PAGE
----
Cultivating Their Place in History


The Story of Ruth and Charles Larabee,
Founders of San Diego Botanic Garden

First published in April 2011 To Educate and Inspire
Those Who Visit This Garden

First published in April 2011
To Educate and Inspire Those Who Visit This Garden

Condensed from the original narrative and research
by Sally Sandler, SDBG Docent.
All sources are cited in the document collection in the SDBG offices.

Download the Larabee’s complete story and additional photos (PDF File)
Download the Larabee image portfolio
(PDF FILE - 113 MB)

Ruth and Charles Larabee, founders of San Diego Botanic Garden, were both born in the Midwest and became heirs to considerable family fortunes. Ruth Robertson Baird was born in 1904, the daughter of a successful bank owner in Kansas City, Missouri, whose holdings included several thousand acres of farmland in the south plains of Texas. She was well educated, graduating with a major in Latin from Vassar College in 1926.

Charles Wright Larabee was born in 1901 in Stafford, Kansas, where his father and uncle established a prosperous bank and developed Larabee Flour Mills, which eventually became the base of their extensive fortunes. At his death, Charles’s father, Frederick, was referred to as a “millionaire mill owner.”

Ruth and Charles grew up within a block of each other in Kansas City, Missouri, and they married in June 1926, just days after her graduation from Vassar. Ruth was a public school teacher, while Charles was co-owner of a nursery in Kansas City. During the late 1930s and mid-40s, shortly after he inherited a fortune of his own, Charles gave lectures on gardening topics and traveled extensively throughout the Southwest, capturing stunning black and white photographs of scenery, cowboys, ranchers, rodeos, and indigenous people.

In 1942/43, Ruth Larabee purchased 26.5 acres of ranch land in Encinitas, California and together they made their home in the modest dwelling we now know as the Larabee House. Since neither of the Larabees was gainfully employed during residence here, there was ample time to travel, acquire plants, and establish gardens on the property. They did not have children of their own, but generously sponsored young students involved in scouting, treating them to camping adventures and river trips to share their love for the outdoors.

After only six years on the ranch, Charles moved to the marina on Balboa Island in Newport Beach, California, and in 1950 he and Ruth were divorced. By then, Charles was widely known for his photography, had become an expert lecturer on the Old West, and guided boating expeditions on the Green and Colorado Rivers. Ruth stayed on the ranch for another six years, cultivating the gardens and nurturing its wildlife resources. She was particularly fond of the quail and collaborated with fish and game officials to enhance their survival.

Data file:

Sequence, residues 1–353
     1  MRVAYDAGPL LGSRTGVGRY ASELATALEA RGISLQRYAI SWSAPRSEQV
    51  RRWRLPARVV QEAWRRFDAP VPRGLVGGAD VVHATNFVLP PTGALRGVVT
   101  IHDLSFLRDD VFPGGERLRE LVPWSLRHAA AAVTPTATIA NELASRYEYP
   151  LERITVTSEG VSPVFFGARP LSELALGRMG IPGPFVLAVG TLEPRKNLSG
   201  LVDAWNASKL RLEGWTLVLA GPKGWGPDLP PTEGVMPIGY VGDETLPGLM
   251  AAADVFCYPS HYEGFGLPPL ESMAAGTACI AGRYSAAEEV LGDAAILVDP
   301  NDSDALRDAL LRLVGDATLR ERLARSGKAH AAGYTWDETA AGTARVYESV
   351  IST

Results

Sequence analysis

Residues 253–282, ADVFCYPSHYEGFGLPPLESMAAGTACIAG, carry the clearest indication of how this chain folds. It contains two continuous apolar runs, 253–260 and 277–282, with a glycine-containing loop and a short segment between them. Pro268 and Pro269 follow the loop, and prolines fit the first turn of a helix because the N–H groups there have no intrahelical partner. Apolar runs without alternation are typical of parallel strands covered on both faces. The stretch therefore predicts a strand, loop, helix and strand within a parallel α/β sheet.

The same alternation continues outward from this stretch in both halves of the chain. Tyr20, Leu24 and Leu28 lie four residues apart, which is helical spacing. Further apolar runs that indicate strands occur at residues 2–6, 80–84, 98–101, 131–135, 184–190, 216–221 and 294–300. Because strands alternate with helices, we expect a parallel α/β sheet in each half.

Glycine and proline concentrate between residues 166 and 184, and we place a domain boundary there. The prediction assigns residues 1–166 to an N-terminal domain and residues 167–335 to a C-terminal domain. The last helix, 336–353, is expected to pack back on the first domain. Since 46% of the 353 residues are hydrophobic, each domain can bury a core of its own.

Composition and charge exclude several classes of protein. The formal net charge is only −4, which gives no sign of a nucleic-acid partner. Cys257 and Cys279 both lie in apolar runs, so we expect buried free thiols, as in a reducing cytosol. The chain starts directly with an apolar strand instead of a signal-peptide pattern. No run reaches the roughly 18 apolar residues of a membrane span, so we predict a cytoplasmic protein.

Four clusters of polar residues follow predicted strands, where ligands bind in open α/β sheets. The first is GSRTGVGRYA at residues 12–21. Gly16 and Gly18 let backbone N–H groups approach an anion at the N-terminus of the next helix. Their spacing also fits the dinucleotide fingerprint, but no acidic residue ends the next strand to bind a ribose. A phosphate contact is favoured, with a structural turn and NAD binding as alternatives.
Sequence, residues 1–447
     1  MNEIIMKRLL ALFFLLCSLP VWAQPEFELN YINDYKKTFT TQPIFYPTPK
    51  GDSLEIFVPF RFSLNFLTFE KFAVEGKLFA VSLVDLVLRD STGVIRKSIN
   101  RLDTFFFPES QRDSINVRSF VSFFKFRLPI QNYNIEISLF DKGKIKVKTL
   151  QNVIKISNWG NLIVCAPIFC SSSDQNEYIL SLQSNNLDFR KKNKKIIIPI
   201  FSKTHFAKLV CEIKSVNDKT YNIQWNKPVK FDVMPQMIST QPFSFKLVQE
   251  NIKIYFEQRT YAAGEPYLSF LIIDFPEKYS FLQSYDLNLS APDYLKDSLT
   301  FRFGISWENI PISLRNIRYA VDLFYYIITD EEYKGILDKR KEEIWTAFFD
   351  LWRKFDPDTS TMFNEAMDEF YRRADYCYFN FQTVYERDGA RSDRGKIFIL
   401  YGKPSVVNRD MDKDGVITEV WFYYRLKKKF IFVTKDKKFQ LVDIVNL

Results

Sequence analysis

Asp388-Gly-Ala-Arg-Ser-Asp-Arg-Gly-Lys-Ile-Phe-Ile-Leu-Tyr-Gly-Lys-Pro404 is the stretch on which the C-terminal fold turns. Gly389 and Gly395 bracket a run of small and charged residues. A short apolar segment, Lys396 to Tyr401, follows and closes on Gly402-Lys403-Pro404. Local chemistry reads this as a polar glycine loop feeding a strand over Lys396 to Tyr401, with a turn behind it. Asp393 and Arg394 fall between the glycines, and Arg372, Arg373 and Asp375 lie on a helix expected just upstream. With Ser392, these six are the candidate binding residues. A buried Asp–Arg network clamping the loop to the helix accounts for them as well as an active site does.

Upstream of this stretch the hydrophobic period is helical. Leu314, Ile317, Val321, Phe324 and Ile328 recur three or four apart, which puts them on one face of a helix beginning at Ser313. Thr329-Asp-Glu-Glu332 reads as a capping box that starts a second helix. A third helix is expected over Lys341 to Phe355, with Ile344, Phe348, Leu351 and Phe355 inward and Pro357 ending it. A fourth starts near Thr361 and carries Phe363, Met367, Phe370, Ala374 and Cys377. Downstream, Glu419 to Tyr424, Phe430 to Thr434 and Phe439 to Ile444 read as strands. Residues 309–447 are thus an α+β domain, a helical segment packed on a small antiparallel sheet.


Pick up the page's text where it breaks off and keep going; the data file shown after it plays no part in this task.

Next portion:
In 1957, Ruth donated her 26.5 acres in Encinitas to the County of San Diego to be preserved as a public park. She told friends that she considered attending nursing school in Mexico to help the poor. While there are no records to validate this, her will and trust make several references to specific people in nursing school in Puebla, Mexico. Later, she lived in Lubbock, Texas, and returned to Kansas City, Kansas in 1966.

In December 1969, Ruth Larabee died in a tragic hotel fire in England. She was returned to the United States and buried in the Baird family plot in Kansas City, Missouri. While her history between 1957 and 1969 is vague, much can be learned about Ruth’s friends, her generous nature and philanthropic interests from the will and trust she left behind. She inherited thousands of acres of farmland in Texas, most of which she entrusted to Texas Tech University; she also named 70 beneficiaries, people who had been her friends and loved ones, from all over the country and around the world; she bequeathed $10,000 to the San Diego Camp Fire Girls organization and she directed money to Tuskegee Institute in Alabama to establish scholarships for African American women.

Charles was eventually remarried to Lila Pihlblad Hopkins and inherited two stepchildren who reside in southern California. He was a lifetime member of the Encinitas Rotary Club and sponsored underprivileged local students through college. In addition, Charles and Lila pursued numerous other philanthropic interests of their own.

In 1954, they moved to Palm Desert, California, where Charles managed the Larabee Family Trust until February 1968 when he died from lung cancer. His name can be seen today on a crypt in the Larabee family mausoleum in Stafford, Kansas. In reality, his stepchildren took his ashes from the crypt, and together with those of their mother Lila, who passed away in 1988, they delivered them to the desert sky and sand from the top of Shadow Mountain.
Ruth Larabee’s determination to preserve the ranch as a public park was an act of true generosity and vision. And through his photography and philanthropic endeavors, Charles Larabee demonstrated a love for the Southwestern United States, documenting and preserving it for those who followed. Together they were generous benefactors, passionate about the outdoors and dedicated to sharing their discoveries with others, particularly the younger generations.